maLket the poisonous liquid which is now car
ryingAlisease and death down the throats of the
beat men in the land ; but in order to do this,
the tax must be madeindiscriminate in respect
to all kinds of liquors, the superior and the in
ferior. ' t Fix of one dollar on every gallon of
brandy, whisky, gin and wines manufactured
or imported, to be accounted for in a manner to
be fixed in the law, would produce an Income
of itself almost sufficient to defray the expense
of the war, while such a tax would also be the
means of driving out much liquor that is now
sold for brandy, gin and whisky, which is
nothing more than rank poison.
Ind. While the income to be derived from
amok a tax would be incalculable, its moral ef
fect would increase another revenue almost as
immense in economy for labor and business.—
The mere appetite for strong drink is the result
. facilities in procuring liquor, so that if we
diminish these, we decrease the vice and the
crimes attending drunkenness, and thus of
course establish an economy among a useful
clean of men which in the end must prove bene
ficial to the government.
This , subject is worthy the attention of Con
greei and the legislature. There is a source of
revenge. itnikepnomy in it which can be en
hanced by immediate legishition,-and which
could not be equalled by the levying of a tax
on any other article of consumption.
THE RATIONAL FINANCES.
The country is rejoicing over the fact, that at
length the finances of the government are
about to be con trolled by a system which will
secure them healthfulness and prevent the re
curring dangers of financial crisis which have
caused in other countries, during periods of
great public depression, so much mischief and
suffering. The idea of a common circulation of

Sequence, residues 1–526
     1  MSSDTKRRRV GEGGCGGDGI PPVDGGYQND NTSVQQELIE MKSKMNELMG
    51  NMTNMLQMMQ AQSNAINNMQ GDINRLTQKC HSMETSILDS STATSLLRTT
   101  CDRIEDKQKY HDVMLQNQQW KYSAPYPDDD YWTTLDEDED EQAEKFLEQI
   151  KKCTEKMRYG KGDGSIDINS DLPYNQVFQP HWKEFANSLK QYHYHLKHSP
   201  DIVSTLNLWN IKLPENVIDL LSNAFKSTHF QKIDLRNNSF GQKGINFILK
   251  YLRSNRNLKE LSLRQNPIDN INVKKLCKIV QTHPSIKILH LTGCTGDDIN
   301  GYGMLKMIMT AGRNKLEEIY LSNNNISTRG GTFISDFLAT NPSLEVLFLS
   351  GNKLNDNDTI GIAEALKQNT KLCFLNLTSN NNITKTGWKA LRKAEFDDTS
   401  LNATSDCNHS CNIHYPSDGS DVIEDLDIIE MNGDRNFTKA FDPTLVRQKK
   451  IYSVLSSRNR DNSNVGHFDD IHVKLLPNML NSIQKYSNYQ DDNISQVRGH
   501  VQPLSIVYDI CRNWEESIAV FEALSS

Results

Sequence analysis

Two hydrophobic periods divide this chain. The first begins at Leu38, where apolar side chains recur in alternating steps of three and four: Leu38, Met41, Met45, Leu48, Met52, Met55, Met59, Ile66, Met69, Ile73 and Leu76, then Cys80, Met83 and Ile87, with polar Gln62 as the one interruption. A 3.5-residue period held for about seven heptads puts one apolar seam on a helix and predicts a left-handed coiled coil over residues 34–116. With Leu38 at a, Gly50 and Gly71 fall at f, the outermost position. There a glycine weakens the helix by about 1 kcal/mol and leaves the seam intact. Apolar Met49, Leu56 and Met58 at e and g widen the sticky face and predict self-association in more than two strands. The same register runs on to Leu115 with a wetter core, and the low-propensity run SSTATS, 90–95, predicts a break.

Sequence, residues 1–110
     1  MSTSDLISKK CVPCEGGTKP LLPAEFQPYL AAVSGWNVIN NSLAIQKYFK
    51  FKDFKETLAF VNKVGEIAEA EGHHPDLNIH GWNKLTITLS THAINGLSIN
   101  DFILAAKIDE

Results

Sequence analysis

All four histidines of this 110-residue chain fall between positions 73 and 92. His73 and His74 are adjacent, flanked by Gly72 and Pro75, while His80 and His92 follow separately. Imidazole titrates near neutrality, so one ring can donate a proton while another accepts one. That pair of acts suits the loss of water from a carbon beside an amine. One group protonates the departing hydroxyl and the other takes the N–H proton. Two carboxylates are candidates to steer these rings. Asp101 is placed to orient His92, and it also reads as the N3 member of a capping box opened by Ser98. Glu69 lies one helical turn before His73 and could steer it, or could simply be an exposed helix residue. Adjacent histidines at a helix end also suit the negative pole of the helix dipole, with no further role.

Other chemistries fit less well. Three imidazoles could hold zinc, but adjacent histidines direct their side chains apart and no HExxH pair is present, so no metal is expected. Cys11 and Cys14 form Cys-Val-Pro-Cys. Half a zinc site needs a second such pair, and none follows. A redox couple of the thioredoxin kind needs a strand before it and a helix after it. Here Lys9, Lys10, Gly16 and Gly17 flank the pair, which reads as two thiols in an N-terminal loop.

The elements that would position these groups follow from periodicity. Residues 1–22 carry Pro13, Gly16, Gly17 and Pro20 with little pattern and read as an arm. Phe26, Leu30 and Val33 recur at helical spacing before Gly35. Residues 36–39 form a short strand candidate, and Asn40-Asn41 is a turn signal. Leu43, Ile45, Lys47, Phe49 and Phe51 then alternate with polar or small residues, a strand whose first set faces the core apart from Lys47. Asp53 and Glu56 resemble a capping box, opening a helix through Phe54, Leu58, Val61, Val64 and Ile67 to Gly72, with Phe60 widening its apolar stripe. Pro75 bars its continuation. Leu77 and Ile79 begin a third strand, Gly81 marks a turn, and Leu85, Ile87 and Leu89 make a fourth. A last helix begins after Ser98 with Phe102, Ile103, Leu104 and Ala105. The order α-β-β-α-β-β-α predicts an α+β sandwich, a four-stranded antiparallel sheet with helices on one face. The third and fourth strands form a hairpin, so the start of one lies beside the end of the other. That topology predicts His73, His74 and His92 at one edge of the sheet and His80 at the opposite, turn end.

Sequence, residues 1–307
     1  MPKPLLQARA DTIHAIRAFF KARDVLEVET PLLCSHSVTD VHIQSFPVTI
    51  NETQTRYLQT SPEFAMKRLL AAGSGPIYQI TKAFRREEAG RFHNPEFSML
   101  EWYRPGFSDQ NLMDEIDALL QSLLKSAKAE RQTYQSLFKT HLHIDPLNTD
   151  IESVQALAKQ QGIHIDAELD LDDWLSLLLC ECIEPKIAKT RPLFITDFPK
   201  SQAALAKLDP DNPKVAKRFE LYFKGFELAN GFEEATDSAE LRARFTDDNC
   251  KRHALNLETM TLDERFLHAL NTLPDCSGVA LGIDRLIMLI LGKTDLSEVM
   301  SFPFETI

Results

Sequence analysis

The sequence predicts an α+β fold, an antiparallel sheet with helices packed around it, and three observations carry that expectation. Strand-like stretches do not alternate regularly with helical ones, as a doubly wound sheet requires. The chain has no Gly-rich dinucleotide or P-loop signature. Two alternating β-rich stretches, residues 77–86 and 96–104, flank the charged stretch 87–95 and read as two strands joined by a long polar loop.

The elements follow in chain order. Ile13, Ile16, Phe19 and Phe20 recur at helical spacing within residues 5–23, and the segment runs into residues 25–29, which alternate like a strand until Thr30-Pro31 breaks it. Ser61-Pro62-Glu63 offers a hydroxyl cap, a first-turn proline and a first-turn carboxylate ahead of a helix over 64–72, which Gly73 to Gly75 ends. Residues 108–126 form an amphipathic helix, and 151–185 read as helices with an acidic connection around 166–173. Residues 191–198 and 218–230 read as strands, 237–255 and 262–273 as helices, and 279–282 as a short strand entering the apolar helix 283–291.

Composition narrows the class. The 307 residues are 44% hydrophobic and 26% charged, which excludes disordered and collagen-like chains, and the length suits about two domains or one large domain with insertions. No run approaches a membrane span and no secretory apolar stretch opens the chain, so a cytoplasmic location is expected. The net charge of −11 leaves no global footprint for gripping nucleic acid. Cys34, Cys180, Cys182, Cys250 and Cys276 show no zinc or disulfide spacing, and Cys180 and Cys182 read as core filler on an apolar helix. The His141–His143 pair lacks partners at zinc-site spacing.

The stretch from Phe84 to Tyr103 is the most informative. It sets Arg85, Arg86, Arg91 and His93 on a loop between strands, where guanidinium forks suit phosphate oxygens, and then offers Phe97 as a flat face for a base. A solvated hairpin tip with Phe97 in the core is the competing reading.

notes bearing a common impression and issuing
from a common authority, though not new,
has nevertheless been so violently opposed when
attempted to be. established heretofore, as to
make its adoption now almost equal to its
original conception. At all events, it uses
what may now seem to be a public calamity in
the necessities of the times, to bring about re
forms in our finance, which were deemed im
possible, impracticable and absurd during the
more prosperous periods of the government.
A uniformity of currency has long been deplor
ed by the business men of this country. In
other lands, where business is confined to a fa.
vored few, this uniformity has been in exis
tencefor centuries, we may almost venture to
assert, in the shape of national banks imme
diately under the control of the government.
Bntin this country' the idea seemed to have
seised the people that a few individuals, pos
sessed of a charter, were "good for thousands"
in the shape of paper currency which lost its
stamped value ninety miles beyond the locality
of iteredemption. By the system proposed by
Secretary Chase, a five dollar, ten dollar or
fifty dollar bill of the United States, will be as
safe as a currency in New Orleans as it would
be in Bangor---w 3 valuable in London as in New
York or Philadelphia. Such a circulation
would be of more real value than gold or silver,
because it abolishes the system of exchange by
which the brokers and banks of all countries
have amassed numerous fortunes at the ex
pense of business and labor, while the secu
rity offered is certainly the beat"that could be
given, if we hive any faith in the stability,
resources and integrity of the government.
The plan also provides for the preservation
of the specie now inithe country, by insisting on
the payment of all customs in gold and silver.
By this means the foreign importer will be
compelled to retain at his command a sufficient
amount of coirsto meet his duty fees, and hence
there would be constantly flowing into the